Mapping Foreclosures
On May 15, 2009, the New York Times published an online interactive map showing foreclosures as a percentage of residential properties in each census tract in the New York City region. 17 The map showed census tracts coded by color to represent the foreclosure rate. Moving the cursor over each census tract showed a pop-up window disclosing the foreclosure percentage, the number of foreclosed residences, and the percentage on the non-white population in each tract. In addition, the map allowed the reader to compare foreclosure rates for each year since 2005. Figures 4 and 5 are snapshots from the map for the years 2005 and 2008. Figure 4. Snapshot of Interactive Map Showing Foreclosure Percentage by Census Tract in the New York City Area, 2005

Source: New York Times, May 15, 2009, at http://www.nytimes.com/interactive/2009/05/15/nyregion/0515foreclose.html. Modified by CRS. Notes: The online interactive version allows the reader to point and click on any census tract in the region. Census tract 030300 is shown here for illustration purposes.

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Mathew Bloch and Janet Roberts, “Mapping Foreclosures in the New York Region,” New York Times, May 15, 2009, at http://www.nytimes.com/interactive/2009/05/15/nyregion/0515-foreclose.html.

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Figure 5. Snapshot of Interactive Map Showing Foreclosure Percentage by Census Tract in the New York City Area, 2008

Source: New York Times, May 15, 2009, at http://www.nytimes.com/interactive/2009/05/15/nyregion/0515foreclose.html. Modified by CRS. Notes: The online interactive version allows the reader to point and click on any census tract in the region. Census tract 030500 is shown here for illustration purposes.

Using the zoom tool provided with the map allows the reader to zoom in on specific residential properties, represented by red dots, along with street names. This type of visualization, combining detailed geospatial information with demographic and financial data, lends itself to further analysis such as understanding foreclosure patterns and whether proximity to foreclosed properties has an effect on property values. Some researchers call this the “contagion effect” of foreclosed properties. One report documented how this effect discounted property values as a function of distance from foreclosed homes, and showed that the discount effect dropped off sharply with distance. 18 This type of spatial analysis of foreclosure effects, with the visualization provided by GIS maps such as the New York Times example, can help inform policy makers about the nature and extent of foreclosure patterns, if the underlying data are reliable.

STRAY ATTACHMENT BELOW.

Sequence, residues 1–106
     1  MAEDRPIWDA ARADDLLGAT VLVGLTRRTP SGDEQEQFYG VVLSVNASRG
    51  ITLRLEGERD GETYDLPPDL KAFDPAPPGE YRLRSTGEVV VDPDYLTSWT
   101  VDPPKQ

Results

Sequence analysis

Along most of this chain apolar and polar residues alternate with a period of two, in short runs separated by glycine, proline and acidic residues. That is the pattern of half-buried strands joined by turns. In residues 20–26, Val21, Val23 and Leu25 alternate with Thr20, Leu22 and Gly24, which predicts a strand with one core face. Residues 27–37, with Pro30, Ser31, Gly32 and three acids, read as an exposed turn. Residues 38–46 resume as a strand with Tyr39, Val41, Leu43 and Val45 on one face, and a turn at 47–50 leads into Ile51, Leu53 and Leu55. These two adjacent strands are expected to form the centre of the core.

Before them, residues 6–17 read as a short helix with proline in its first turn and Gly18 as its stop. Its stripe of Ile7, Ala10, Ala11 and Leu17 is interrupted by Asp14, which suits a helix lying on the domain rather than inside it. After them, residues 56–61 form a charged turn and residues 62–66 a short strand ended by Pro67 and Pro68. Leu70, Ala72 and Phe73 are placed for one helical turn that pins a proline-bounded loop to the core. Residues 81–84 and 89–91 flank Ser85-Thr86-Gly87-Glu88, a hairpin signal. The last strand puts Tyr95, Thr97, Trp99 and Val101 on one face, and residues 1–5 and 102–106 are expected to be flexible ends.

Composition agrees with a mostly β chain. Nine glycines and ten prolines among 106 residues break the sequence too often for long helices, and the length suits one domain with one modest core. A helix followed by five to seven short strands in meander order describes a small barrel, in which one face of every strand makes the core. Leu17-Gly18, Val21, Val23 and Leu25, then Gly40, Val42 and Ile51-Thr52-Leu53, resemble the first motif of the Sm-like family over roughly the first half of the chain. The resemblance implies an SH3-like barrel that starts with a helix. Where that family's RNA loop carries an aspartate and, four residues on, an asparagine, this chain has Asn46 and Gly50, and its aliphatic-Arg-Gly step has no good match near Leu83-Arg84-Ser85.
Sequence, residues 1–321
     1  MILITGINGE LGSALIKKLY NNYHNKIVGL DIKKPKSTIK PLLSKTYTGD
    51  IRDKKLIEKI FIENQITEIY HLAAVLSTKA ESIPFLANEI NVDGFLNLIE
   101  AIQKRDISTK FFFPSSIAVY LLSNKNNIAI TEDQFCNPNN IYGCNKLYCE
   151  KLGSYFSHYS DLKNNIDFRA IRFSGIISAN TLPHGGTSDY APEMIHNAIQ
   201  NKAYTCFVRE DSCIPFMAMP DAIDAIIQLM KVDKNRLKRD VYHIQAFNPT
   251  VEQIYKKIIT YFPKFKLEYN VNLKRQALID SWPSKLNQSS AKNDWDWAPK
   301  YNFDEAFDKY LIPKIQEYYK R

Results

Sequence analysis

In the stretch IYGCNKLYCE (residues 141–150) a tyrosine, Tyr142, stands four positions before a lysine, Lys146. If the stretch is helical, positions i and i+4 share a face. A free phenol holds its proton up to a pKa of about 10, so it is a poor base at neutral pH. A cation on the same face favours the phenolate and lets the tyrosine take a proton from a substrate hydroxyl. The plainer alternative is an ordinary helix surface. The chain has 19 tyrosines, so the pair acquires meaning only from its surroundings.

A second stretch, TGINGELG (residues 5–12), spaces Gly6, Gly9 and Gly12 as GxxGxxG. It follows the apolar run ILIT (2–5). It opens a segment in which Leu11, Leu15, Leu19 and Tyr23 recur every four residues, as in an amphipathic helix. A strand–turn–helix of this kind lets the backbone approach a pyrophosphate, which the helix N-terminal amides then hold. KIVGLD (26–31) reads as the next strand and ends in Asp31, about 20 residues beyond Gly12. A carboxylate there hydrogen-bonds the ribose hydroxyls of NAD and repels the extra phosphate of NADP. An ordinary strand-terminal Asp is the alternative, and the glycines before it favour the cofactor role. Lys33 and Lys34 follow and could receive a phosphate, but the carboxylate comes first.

Social Media and GIS: The March 11, 2011, Japanese Earthquake and Tsunami
Within 36 hours of the March 11, 2011 magnitude 9.0 earthquake off Japan’s northeast coast, a small team of GIS experts began a project for a volunteer group called GISCorps. The group
John P. Harding, Eric Rosenblatt, and Vincent W. Yao, “The Contagion Effect of Foreclosed Properties,” Social Science Research Network Working Paper, July 15, 2008.